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17

Manipulate[MatrixPlot[Table[Mod[i + j, 2], {i, 1, n}, {j, 1, n}], ColorFunction -> "Monochrome"], {{n, 8}, 1, 20}] Nice and simple. To make it a little more terse we can use Array in place of Table: Manipulate[MatrixPlot[Plus ~Array~ {n, n} ~Mod~ 2, ColorFunction -> "Monochrome"], {{n, 8}, 1, 20}] With correct column numbering, thanks to a ...


12

Yes, this is possible with a little faff. What we want to do is get the RegionUnion of all the countries the antipode intersects with, and then intersect the antipode with that region, and get the remaining area. Let's use New Zealand as an example. ant = GeoAntipode[Polygon@Entity["Country", "NewZealand"]] Now, we can get the countries that this ...


11

For even n: MatrixPlot[ ArrayPad[DiagonalMatrix[{1, 1}], 3, "Reflected"], PlotTheme -> "Monochrome"]


8

My answer: cb[n_Integer /; n > 0] := MatrixPlot@SparseArray[{i_, j_} :> Mod[i + j, 2], {n, n}] cb[8] For those who desire a more traditional board: Block[{n = 8}, MatrixPlot[ SparseArray[{i_, j_} :> Mod[1 + i + j, 2], {n, n}], ColorFunction -> GrayLevel, FrameTicks -> { {#, #} &@ Table[{i, n - i + 1}, {i, n}], {#, #} &...


7

This is a direct implementation of this answer https://math.stackexchange.com/a/1967330/92921 m = 308460277; Reap[NestWhile[{#[[1]] - #[[2]] Sow@Floor[Divide @@ #]], Floor[#[[2]]/10]} &, {m, FromDigits@ConstantArray[1, Ceiling@Log[10, m]]} , #[[2]] > 0 &]][[2, 1]] // FromDigits 277614253 note this gives the 'closest' value ...


7

simple = Range[50]; Since the elements of the quads must be positive, eliminate factors containing zero. factors = Select[Flatten[PowersRepresentations[#^2, 3, 2] & /@ simple, 1], FreeQ[#, 0] &]; quads = Append[#, Sqrt[Total[#^2]]] & /@ factors (* {{1, 2, 2, 3}, {2, 4, 4, 6}, {2, 3, 6, 7}, {1, 4, 8, 9}, {3, 6, 6, 9}, {4, 4, 7, 9}, {...


6

A ploddingly procedural implementation: n = 308460277; FromDigits[Reap[Do[{q, n} = QuotientRemainder[n, (10^k - 1)/9]; Sow[q], {k, IntegerLength[n], 1, -1}]][[-1, 1]]] 277614253


6

The behavior of Plot3D is due to the discontinuity processing associated to Round. (Note the pattern here has many of the same holes, but not exactly the same pattern.) The discontinuities occur whenever the argument to Round is a half-integer. Given the complexity of the argument to Round in this example, perhaps not all discontinuities are detected. ...


6

Starting with table as input you can use FindSequenceFunction iteratively to find the function f0[table][x,y] that generates table: ClearAll[f0] f0[tab_][x_, y_] := FindSequenceFunction[FindSequenceFunction[#][y] & /@ tab][x] Example: table // Grid[#, Dividers -> All]& // TeXForm $\begin{array}{|c|c|c|c|c|c|c|c|c|c|} \hline 1 & 2 & ...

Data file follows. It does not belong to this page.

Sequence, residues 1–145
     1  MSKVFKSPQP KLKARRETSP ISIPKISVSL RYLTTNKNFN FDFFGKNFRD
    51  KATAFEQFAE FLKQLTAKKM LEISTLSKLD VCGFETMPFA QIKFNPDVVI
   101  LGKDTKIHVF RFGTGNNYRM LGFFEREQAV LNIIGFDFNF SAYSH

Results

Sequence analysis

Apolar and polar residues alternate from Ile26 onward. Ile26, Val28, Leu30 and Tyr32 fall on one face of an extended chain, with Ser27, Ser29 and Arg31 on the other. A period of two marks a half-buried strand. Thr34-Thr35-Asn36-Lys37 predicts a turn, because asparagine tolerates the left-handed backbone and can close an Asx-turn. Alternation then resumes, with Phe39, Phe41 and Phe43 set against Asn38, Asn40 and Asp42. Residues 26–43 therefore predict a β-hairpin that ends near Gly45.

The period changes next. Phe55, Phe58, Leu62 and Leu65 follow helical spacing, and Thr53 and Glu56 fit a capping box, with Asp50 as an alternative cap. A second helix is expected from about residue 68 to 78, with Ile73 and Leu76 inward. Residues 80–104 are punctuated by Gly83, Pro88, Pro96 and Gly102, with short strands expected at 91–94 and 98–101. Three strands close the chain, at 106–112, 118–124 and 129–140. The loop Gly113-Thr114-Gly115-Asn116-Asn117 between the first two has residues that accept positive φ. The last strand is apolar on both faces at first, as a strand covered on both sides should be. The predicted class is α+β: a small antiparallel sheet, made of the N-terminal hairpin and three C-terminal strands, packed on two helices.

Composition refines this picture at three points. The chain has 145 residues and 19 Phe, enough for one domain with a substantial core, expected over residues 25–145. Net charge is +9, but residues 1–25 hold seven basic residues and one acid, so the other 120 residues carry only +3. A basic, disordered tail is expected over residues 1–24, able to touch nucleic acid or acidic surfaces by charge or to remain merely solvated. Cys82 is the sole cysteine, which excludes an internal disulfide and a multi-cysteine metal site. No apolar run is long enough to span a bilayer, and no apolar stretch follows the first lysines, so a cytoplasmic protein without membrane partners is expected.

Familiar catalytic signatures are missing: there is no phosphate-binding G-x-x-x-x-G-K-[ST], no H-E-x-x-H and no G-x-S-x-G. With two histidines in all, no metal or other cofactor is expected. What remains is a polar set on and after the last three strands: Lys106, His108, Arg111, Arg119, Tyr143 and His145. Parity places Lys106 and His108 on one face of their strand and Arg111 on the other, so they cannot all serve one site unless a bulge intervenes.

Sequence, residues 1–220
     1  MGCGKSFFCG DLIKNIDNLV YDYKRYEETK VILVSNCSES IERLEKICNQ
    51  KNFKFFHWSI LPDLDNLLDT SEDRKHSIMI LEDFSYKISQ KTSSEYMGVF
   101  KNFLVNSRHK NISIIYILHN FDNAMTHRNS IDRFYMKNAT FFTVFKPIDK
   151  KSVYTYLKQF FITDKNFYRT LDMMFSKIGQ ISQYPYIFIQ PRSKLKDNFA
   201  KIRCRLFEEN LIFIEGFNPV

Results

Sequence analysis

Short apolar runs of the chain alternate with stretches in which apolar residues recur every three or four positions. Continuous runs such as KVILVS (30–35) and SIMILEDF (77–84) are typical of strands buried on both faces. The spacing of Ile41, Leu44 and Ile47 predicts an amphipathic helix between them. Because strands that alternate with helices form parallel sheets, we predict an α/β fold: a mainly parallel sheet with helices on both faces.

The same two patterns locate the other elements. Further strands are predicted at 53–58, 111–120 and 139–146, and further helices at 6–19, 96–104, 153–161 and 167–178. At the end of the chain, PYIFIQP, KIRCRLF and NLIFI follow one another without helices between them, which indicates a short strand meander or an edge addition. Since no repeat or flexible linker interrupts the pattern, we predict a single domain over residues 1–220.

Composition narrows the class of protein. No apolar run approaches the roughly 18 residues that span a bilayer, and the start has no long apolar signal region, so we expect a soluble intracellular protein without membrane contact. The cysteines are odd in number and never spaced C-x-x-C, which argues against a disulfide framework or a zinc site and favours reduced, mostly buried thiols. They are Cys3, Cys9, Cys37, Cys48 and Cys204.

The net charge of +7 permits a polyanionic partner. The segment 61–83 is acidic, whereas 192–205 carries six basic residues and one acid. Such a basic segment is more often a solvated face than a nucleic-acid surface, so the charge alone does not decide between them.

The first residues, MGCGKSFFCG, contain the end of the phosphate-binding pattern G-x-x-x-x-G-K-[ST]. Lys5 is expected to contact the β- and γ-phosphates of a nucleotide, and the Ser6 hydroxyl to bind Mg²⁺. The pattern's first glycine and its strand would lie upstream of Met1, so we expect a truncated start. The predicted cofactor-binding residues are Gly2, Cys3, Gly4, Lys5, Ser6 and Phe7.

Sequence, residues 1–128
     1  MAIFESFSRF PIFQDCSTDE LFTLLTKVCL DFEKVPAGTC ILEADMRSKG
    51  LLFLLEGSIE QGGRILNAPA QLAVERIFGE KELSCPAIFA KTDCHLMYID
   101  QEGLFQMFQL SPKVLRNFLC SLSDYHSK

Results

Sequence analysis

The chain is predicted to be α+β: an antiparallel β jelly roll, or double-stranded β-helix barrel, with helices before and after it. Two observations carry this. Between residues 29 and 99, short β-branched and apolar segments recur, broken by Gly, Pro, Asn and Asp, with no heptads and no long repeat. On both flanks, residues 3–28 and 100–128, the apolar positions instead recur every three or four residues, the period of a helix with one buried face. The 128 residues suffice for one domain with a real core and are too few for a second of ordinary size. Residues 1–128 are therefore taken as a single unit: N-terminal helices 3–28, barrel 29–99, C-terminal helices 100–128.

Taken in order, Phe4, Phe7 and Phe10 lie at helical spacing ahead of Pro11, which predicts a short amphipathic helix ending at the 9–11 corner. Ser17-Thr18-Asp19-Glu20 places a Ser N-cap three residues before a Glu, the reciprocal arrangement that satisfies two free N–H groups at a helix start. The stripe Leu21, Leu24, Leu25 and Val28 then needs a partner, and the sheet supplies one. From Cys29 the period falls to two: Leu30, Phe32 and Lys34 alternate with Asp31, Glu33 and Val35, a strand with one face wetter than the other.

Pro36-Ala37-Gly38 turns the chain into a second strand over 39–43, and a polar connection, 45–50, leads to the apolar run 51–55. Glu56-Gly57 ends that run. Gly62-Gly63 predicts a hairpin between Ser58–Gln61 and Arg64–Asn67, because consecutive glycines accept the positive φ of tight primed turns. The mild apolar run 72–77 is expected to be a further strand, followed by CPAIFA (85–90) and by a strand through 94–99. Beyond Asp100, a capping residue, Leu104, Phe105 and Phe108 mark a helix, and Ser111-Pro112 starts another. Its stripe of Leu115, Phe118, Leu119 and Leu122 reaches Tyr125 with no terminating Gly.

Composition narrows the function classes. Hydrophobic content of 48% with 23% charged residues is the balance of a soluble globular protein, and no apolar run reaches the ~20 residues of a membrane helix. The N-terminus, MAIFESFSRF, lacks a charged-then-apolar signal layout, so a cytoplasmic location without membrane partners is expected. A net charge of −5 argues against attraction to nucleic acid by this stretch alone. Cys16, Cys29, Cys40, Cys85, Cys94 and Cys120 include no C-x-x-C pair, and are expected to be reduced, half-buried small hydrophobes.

5

This is one of those problems that has many solutions: cb[n_] := MatrixPlot[ Range@ConstantArray[n, n] + Range[n], ColorFunction -> (GrayLevel@Mod[1 + #, 2] &), ColorFunctionScaling -> False, PlotRangePadding -> None, FrameTicks -> { {#, #} &@ Table[{i, n - i + 1, 0}, {i, n}], {#, #} &@ Table[{i, FromCharacterCode[...


5

Edit: Since now even I have understood the reasoning of the elf requiring more information because after measuring the tree the solution is not unique, I can give a full implementation too. When n is the magical number 2450, then we can create all possibilities with Union[Sort /@ Select[Tuples[Divisors[n], {3}], Times @@ # === n &]] Now, what's left ...


5

If you play with the PlotPoints option you get more examples of this:


4

func[n_]:= Module[{f=Not@*PrimeQ@*ToExpression,seqs,splits,len , digits=IntegerDigits@n,find,times,power,out}, power[a_,b_]:=ToString@a<>"^"<>ToString@b; times[a_,b_]:=ToString@a<>"*"<>ToString@b; seqs=SequencePosition[digits,_?(PrimeQ@*FromDigits),Overlaps->All]; splits = With[{r = Flatten[ ReplaceList[#, {{{x___}, {...


4

This is verification of answer: I will type code in am: (*the weights*) r = PowerRange[81, 1, 1/3]; (*generate possible positive weighings*) tu[n_] := Cases[Tuples[{-1, 0, 1}, n], {1, ___}] w = PadLeft[Catenate[tu /@ Range[5]]]; (*the weighings and the sum*) ans = {##, Style[{##}.r, Red, Bold]} & @@@ w; (*presentation*) tf = TableForm[#, TableHeadings ...


4

Here is an example of brute forcing this problem through enumeration and numerical optimization. OK, I realize my example was unnecessarily brute; I could at least order and bound the terms. ClearAll[enum, count, a, b, c, d, e]; enum[s_] := Tr /@ Tuples @ Thread[{-s, 0, s}] // Abs // Union mem : count[w__Integer] := mem = LengthWhile[Differences @ enum @ ...